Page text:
Celebrate Texan history at this bold art deco monument, built to commemorate the state’s centenary.
Texans have a powerful history studded with achievements and victories. In 1936, a huge monument was erected in Dallas’ Fair Park to celebrate the centenary of the state. The Hall of State is an imposing building at the end of the 1,500-foot (460-meter) Esplanade of State. Built in the shape of a T and made using Texan limestone, the hall signifies the state pride that most Texans feel for their State.
Today, visitors to the hall can stroll the water-lined promenade, explore the expansive G.B. Dealy Library or attend an event in the Great Hall. Anyone with an interest in American culture and grand buildings will appreciate seeing this locally important tribute to the birth of Texas.
Pick up a self-guided walking tour from the foyer of the hall to learn about the architecture, symbolism and history of the Hall of State. Designed by Donald Barthelme, a Texan architect from Houston, the hall is considered one of the best examples of art deco architecture in the state. The main features of the hall’s exterior are the 76-foot (23-meter) tall limestone columns that curve around the entrance to the hall. A frieze surrounds the top of the outside wall and recognizes 60 key figures from Texas’ history.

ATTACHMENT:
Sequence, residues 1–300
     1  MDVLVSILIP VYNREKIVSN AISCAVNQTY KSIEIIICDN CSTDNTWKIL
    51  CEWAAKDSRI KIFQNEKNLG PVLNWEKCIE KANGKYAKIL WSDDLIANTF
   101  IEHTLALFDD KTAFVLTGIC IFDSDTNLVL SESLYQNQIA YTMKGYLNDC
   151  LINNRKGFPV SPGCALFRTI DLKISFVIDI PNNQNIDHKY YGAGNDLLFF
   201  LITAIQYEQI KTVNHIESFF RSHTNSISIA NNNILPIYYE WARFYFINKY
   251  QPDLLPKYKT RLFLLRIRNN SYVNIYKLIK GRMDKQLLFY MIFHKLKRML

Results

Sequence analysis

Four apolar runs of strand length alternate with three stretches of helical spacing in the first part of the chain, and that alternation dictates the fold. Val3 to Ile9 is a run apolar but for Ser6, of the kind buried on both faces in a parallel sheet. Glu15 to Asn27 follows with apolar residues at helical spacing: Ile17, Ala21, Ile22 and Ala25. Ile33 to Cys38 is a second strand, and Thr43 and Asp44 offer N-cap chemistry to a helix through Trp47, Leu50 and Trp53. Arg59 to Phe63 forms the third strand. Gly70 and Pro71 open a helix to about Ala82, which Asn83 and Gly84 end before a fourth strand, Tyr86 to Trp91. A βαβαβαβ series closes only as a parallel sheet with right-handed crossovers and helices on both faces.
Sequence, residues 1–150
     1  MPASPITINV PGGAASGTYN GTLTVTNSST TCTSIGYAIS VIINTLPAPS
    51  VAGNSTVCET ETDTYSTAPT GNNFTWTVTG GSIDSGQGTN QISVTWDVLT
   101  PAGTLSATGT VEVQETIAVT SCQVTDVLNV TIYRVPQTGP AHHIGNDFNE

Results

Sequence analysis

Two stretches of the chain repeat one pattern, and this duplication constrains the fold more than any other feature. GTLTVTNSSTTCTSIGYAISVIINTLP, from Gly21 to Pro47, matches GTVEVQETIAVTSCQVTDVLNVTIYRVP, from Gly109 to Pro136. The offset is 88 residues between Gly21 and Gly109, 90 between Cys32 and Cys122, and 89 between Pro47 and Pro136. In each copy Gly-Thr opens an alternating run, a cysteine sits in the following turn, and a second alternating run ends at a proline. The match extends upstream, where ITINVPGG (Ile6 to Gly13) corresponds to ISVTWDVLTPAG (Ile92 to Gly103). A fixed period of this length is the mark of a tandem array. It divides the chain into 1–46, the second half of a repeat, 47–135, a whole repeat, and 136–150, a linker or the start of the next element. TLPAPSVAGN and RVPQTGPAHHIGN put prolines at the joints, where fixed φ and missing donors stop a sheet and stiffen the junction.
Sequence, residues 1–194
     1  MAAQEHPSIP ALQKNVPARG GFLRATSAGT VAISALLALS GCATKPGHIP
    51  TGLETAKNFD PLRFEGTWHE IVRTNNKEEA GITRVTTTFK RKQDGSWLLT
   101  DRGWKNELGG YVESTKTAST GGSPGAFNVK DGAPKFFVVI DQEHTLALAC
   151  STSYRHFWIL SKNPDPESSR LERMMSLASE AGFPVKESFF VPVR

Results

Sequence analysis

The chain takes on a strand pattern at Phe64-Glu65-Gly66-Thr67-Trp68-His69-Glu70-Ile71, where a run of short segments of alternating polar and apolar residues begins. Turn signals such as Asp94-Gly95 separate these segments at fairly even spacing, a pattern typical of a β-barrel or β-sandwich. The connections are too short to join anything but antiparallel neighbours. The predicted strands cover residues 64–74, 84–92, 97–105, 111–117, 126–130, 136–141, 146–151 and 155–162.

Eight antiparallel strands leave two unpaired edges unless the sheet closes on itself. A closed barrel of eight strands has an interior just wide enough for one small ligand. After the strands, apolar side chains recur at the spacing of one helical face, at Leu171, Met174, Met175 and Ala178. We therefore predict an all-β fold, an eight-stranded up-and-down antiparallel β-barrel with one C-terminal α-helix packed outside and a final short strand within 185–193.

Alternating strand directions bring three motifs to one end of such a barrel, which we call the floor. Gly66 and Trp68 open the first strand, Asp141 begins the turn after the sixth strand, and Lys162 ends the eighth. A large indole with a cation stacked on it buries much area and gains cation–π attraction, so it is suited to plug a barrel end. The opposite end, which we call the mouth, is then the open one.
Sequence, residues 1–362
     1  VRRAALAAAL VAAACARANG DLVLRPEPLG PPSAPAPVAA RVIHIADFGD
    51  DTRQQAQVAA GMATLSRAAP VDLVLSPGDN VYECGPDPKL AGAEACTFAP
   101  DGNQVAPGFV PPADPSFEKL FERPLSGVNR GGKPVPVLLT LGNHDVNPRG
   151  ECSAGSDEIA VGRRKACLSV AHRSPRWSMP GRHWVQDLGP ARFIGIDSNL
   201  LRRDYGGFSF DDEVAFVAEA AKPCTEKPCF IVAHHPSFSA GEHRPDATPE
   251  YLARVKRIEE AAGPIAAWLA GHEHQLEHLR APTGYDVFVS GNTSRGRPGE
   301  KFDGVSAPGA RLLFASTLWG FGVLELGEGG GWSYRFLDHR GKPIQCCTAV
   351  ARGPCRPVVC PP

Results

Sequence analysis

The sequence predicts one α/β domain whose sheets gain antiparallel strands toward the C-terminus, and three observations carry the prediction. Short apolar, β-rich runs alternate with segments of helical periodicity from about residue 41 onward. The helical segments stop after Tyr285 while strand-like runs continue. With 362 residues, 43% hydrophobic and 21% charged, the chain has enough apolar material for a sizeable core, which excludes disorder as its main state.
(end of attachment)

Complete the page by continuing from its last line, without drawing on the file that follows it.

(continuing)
Inside, the Hall of Heroes features six bronze statues of some of these figures. Included are Sam Houston, the 19th-century politician and soldier for whom Houston was named after, and Stephen F. Austin, an early settler in the Texan region, for whom the Texan capital was named after. Visit the huge frescos depicting the story of Texas, or see the impressive gold medallion, with a diameter of more than 12 feet (3.6 meters).
The Hall of State is located within Fair Park in central Dallas. Admission is free. Note that entry is not permitted to the public when events are in progress. Fair Park can be reached by car or public transport and metered and free street parking is available in the area.